Slipknot’s Clown recalls tense ‘Iowa’ recording sessions: “We hated each other”

The band's second studio album celebrates its 20th anniversary next month

Slipknot‘s Shawn ‘Clown’ Crahan has recounted the band’s tense recording sessions for their 2001 album ‘Iowa’.

The metal band’s second studio album, which included the songs ‘Left Behind’ and ‘My Plague’, celebrates its 20th anniversary next month.

Speaking to Metal Hammer in a new interview about the making of ‘Iowa’, Slipknot percussionist Clown has lifted the lid on what the atmosphere was like in the studio as well as the band’s general outlook on the world at the time.


“When we did ‘Iowa’, we hated each other,” Clown recalled. “We hated the world. The world hated us.”

Clown said that the often-painful experience of making ‘Iowa’ felt like “a backlash for our dream” following the breakout success in 1999 of their self-titled debut album.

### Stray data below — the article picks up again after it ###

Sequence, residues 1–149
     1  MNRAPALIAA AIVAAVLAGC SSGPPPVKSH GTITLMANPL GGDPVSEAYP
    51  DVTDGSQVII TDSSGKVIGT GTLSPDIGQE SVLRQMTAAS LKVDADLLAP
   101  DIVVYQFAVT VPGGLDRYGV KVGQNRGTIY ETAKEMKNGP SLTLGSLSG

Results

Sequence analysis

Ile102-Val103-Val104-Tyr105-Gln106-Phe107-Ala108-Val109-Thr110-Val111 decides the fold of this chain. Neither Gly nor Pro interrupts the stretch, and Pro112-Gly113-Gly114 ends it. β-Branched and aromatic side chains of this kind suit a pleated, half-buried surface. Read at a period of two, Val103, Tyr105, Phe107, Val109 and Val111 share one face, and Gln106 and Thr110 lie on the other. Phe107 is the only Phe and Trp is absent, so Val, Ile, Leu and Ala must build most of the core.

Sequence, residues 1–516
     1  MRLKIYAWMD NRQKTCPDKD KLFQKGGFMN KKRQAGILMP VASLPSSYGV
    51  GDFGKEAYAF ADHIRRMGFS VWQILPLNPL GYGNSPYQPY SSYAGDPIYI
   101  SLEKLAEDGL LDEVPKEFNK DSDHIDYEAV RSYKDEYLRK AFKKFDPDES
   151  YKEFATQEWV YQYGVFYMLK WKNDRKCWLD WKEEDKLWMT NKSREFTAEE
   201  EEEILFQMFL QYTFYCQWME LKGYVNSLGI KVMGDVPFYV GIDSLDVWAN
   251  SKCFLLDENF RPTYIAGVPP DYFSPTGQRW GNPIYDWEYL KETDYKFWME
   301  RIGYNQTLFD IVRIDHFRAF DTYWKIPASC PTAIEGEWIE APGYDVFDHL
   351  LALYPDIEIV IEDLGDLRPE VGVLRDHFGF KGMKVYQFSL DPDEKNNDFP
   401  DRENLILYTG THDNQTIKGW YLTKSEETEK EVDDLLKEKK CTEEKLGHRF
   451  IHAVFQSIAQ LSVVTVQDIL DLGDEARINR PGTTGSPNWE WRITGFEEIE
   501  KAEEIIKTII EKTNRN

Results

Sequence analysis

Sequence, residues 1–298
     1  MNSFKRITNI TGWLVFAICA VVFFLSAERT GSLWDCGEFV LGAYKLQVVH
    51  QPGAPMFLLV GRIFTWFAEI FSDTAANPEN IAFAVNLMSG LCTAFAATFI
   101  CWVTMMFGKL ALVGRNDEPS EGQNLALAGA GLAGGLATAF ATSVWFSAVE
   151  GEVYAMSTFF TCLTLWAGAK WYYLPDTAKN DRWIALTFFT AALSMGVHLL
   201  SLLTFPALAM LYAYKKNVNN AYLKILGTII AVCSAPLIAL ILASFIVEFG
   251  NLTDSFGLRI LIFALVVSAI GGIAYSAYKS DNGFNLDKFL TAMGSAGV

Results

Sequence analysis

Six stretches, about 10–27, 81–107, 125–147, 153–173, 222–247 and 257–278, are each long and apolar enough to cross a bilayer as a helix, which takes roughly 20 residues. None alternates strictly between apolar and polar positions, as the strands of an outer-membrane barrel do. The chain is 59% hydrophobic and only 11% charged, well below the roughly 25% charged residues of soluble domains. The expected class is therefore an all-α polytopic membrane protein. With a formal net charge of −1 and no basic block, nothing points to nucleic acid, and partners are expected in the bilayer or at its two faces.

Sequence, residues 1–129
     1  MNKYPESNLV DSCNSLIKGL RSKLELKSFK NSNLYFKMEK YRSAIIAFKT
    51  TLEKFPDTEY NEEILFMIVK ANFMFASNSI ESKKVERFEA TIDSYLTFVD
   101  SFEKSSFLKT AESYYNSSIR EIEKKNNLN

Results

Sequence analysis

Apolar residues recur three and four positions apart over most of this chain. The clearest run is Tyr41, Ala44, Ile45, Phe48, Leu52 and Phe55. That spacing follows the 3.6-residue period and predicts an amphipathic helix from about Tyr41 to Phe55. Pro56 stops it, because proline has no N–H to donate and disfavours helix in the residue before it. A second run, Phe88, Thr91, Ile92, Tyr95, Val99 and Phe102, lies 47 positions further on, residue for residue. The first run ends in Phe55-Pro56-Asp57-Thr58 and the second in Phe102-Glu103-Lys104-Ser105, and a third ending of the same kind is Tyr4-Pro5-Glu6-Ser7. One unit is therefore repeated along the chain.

“We spent 18 months on that first cycle doing all these interviews, agents, managers…it was all performance,” he added.

“By the time we got to the second album, people needed to be curbed and understand their place and that their opinion didn’t matter as much as they thought it did. Just because we were the first platinum band on Roadrunner doesn’t give everyone the ability to start advising.

“When we were home to take a breath, it was clear that [the second album] was gonna be disturbing and force-fed to the world.”


Clown recently shared a number of solo tracks under the moniker Brainwash Love, with the musician posting videos and art for the music that he created himself.